The long journey to New Zealand and harsh reality of a pioneer life kept many Chinese women in China. These “gold mountain wives”, as historian Manying Ip describes them, stayed in their home villages in China while their husbands earned money overseas to support them. Even if these women did want to join their husbands, legislated restrictions born from New Zealand’s anti-Chinese sentiment made it practically impossible to do so. The poll tax on Chinese, which increased from £10 in 1881 to £100 in 1896, meant that Chinese men could not afford to bring their wives or children with them. Other restrictions and deterrents included the abolishment of naturalisation for Chinese New Zealanders, the exclusion of Chinese from the Widows Pension Act and, later, the exclusion of women from quotas of entry permits for Chinese. This is only the tip of a very large, very racist, iceberg.

We can demonstrate the cruelties of our history through statistics, legislation and historical records, but often the most glaring omissions are stories of actual lived experiences. These are the stories that are the hardest to gather, record and protect, particularly when they belong to marginalised groups or there is a reluctance to speak of the pains of the past. In Fox Spirit on a Distant Cloud, Murray (who is of Chinese and Pākehā descent) seeks to address this imbalance in our literature by drawing upon true stories to highlight the isolation and prejudice suffered by Chinese women in New Zealand from the early 20th century to the present day, all of whom were trying to survive “dangerous, dangerous days. Lonely days.”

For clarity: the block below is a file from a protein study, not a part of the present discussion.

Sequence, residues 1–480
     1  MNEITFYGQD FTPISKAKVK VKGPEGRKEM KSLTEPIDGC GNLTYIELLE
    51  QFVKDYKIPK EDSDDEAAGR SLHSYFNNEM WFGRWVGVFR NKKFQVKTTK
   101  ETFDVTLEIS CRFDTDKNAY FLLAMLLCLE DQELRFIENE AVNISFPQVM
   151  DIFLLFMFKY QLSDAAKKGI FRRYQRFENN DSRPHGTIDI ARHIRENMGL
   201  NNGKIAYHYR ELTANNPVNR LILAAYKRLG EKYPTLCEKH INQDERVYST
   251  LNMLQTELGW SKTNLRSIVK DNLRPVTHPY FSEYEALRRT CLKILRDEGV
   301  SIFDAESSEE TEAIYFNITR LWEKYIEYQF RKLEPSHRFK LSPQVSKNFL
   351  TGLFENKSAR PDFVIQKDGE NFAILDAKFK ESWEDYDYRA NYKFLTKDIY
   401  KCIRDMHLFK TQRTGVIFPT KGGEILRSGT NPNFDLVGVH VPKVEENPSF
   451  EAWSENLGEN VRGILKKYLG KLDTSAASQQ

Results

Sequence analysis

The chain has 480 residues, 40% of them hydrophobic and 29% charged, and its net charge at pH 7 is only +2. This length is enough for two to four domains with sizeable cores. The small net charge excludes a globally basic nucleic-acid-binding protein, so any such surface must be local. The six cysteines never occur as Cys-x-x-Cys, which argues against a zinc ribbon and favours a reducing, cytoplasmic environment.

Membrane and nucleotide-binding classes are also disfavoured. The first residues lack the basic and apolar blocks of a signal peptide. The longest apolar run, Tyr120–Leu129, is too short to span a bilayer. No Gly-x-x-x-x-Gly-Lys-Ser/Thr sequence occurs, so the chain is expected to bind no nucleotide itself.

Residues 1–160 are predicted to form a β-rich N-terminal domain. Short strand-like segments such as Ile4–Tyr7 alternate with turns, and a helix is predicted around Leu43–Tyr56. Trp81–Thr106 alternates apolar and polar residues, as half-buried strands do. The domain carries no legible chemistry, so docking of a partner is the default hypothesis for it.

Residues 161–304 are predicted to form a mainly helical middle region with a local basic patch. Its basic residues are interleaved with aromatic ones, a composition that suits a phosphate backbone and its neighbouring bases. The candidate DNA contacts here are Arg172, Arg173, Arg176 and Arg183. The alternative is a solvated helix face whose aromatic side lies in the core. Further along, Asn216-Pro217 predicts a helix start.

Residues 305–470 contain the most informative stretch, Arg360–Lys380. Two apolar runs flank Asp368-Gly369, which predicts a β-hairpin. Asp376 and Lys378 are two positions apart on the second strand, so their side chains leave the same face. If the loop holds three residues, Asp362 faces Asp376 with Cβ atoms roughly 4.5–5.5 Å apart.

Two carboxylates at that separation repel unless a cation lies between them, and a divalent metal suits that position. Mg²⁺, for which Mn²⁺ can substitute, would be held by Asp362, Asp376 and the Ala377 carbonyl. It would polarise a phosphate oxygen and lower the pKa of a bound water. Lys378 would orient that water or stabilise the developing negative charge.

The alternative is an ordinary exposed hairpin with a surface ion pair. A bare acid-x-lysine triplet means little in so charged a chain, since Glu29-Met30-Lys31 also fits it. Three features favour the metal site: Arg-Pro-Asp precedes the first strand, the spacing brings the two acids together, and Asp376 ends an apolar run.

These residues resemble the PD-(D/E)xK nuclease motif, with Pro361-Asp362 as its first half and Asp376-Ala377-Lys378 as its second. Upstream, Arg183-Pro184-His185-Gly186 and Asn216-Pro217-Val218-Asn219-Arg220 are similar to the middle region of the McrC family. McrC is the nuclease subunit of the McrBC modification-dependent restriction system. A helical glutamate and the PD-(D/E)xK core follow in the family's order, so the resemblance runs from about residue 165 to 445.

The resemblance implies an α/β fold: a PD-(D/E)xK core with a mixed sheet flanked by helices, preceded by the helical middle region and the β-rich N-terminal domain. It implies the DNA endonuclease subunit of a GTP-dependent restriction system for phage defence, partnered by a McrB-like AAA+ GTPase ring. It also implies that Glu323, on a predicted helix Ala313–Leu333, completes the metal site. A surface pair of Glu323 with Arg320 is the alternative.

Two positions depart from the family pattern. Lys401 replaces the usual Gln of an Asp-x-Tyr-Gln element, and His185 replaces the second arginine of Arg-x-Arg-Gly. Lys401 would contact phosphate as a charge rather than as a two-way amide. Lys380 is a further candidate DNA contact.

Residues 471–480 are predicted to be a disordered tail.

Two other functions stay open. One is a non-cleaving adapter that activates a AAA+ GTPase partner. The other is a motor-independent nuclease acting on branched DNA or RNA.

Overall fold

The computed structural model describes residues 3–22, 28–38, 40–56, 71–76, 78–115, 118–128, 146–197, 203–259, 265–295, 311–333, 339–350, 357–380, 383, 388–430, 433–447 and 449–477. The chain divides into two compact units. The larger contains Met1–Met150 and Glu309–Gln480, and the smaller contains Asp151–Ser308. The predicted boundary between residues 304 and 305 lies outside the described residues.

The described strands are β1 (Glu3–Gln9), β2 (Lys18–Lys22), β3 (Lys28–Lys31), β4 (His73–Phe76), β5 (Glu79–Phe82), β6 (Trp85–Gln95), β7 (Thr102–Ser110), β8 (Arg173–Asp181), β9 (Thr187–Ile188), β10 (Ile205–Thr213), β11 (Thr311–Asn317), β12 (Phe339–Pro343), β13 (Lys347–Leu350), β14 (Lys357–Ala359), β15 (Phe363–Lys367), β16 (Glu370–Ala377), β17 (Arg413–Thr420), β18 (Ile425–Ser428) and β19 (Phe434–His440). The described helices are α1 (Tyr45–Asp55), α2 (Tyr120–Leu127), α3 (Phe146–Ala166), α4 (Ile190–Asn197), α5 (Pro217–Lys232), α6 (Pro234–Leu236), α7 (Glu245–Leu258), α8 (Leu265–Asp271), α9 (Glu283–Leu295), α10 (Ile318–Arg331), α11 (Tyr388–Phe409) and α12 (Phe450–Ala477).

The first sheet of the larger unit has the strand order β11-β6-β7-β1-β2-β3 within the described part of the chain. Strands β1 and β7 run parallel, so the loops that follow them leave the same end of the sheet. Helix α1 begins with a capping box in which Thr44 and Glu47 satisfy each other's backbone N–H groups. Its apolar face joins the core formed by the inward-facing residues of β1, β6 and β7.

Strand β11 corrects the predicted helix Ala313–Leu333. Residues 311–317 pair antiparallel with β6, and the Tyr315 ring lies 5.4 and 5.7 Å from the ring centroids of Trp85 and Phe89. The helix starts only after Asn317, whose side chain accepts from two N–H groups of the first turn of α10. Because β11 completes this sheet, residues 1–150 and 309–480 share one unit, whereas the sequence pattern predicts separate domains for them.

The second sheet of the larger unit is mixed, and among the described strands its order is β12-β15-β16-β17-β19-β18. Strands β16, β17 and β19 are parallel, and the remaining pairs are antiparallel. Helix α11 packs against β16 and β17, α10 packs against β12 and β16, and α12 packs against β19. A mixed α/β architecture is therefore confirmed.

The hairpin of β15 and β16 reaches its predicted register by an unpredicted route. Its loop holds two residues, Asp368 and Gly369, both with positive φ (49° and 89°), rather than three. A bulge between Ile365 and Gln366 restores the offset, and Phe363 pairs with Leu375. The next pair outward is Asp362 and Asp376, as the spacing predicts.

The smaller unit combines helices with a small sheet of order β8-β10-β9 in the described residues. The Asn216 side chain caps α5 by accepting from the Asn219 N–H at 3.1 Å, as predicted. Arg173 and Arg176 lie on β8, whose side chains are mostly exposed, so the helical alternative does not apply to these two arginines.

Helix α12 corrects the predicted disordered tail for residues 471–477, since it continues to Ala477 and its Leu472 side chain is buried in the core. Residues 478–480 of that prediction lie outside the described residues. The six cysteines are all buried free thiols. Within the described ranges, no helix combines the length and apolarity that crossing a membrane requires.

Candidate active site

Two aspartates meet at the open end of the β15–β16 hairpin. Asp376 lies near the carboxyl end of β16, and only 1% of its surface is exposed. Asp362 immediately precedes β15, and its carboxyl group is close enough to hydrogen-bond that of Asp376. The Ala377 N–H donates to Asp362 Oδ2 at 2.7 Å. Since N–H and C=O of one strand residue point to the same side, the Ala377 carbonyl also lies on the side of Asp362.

The cover of Fox Spirit on a Distant Cloud, and author Lee Murray.